In the wake of the proposed increase in electricity tariffs, we strongly believe there is no legal, social or even moral justification for this act.

Our belief is premised on the following:

  1. Breach of Law:Section 76 of the Electric Power Sector Reform Act, 2005, provides an elaborate consultative process before any tariff increase takes effect. By failing to follow this procedure NERC, the GenCos and DisCos are acting unlawfully and must be stopped.
  2. Contempt of Court:There is a subsisting court order dated May 28, 2015 by Justice Mohammed Idris of the Federal High Court, Ikoyi, Lagos, in the case of Toluwani Yemi-Adebiyi v. NERC & Others, that there shall be no further increment until the determination of the substantive suit.  The implementation of increased tariff is therefore an act of lawlessness in a democracy.
  3. Breach of Privatization Undertakings:Most consumers are not metered in accordance with the signed privatisation Memorandum of Understanding (MoU) of November 1, 2013, which stipulates that within 18 months gestation period, all consumers are to be metered. Distribution companies have continued to exploit Nigerians using opaque estimated billing system for the majority of consumers whilst deliberately refusing to make available prepaid meters.
  4. Rip Off/Credibility Question: There is no correlation between the quality of service delivery and tariff. There has been no significant improvement in service delivery. In Apapa where we reside and represent over 2000 residents, our annual electricity bill is about N3.5 Million annually. When we include the cost of diesel and generator repair our electricity cost becomes even more outrageous. In 2015, we spent over N=50 Million on Diesel and generator repairs. When again multiplied by 2000 it is over a N100 Billion annually.
  5. Insensitivity:The increment at this time negates the present biting and prevailing economic recession which has adversely reduced the purchasing power of ordinary Nigerians and slowed down businesses, including manufacturing. The current hike is not only insensitive but unjustifiable. It cannot stand.
  6. 6. How Not to Create Wealth:The increment is a clear negation of the current Government’s drive to create wealth through entrepreneurship. By raising the bar in accessing electricity, small businesses are being technically driven away. How can we create wealth when doing business in Nigeria continues to remain a nightmare?


In the light of the above, this unjustifiable increase in electricity tariff is a direct blow on the Change Agenda. If it is allowed to stand, it would put serious question marks on the sustainability of the much lauded ideological change in governance.  We therefore, expect the Federal government to urgently review its privatisation contracts with GenCos and DisCos.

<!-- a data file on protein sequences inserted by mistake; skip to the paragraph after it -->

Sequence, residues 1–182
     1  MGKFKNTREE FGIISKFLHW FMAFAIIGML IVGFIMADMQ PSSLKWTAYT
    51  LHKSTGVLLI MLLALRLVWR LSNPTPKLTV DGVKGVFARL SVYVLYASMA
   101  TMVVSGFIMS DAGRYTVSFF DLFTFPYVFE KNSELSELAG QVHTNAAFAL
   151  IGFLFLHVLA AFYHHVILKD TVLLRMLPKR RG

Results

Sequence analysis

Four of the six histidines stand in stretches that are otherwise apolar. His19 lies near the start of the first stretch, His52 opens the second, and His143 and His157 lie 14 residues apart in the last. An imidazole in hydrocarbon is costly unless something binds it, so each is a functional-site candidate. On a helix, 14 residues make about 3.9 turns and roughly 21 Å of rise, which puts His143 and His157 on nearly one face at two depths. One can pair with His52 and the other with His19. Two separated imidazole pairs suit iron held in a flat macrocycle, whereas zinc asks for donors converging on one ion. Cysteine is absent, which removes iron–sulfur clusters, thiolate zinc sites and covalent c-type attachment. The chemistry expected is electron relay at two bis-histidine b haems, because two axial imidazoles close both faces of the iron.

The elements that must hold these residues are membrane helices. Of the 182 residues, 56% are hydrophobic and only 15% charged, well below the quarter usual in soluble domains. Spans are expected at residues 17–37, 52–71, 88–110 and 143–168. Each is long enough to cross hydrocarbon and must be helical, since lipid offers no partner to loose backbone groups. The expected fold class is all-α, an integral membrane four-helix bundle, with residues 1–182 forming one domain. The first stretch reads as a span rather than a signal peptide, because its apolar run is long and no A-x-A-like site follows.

In the proposed review, we suggest that at least two (2) year time-frame should be given to firms in the Electric Power Sector to allow them stabilize and provide efficient power supply to Nigerians before they can contemplate any tariff increase. Any such proposed increase must follow due consultation process.

Finally, government must not forget that it owes it as a duty to continue to monitor private partners in this regard. Left on its own, privatization could be a tool for oppression. That is why Government that has the interest of the masses at heart must step in and prevent the greed of a few private actors from obstructing the more enduring project of empowering the general populace.

Dr. Willy Mamah and Collins Okeke   

Stop Crime, Not Lives – Abolish the Death Penalty

For more than 15 years the Federal Government and state governments in Nigeria, contrary to international law have continued to extend crimes to which the death penalty applies. The moment a crime assumes notoriety or begins to overwhelm law enforcement agents, governments’ response has been to impose the death penalty for such crime(s). When kidnapping became the trend in South-east and South-south Nigeria most affected state governments prescribed the death penalty.

The Federal Government responded to the surge in terrorism in the North-east and North-west Nigeria by imposing the death penalty. There is even a clamour that the death penalty be made to apply to official corruption, vandalization of oil installations, and oil bunkering. What advocates for the death penalty fail to understand is that the death penalty does not keep society safe.

Time for a Multi-Sector Approach for Fundamental Reform of Legal and Judicial Systems in Nigeria

The rationale for justice administration and the rule of law is the desirability and indeed necessity of resolving conflicts within, and not outside, the legal and judicial system and framework. In the absence of a properly functioning legal and judicial system, force rather than law would rule and anarchy would result.
But the much-sought-after functional judicial system requires an enabling environment made up of certain features. First and foremost, all persons and authorities no matter their status must be subject to the law and equal before it. Second, the judiciary must be truly independent and totally free from executive or other interference.

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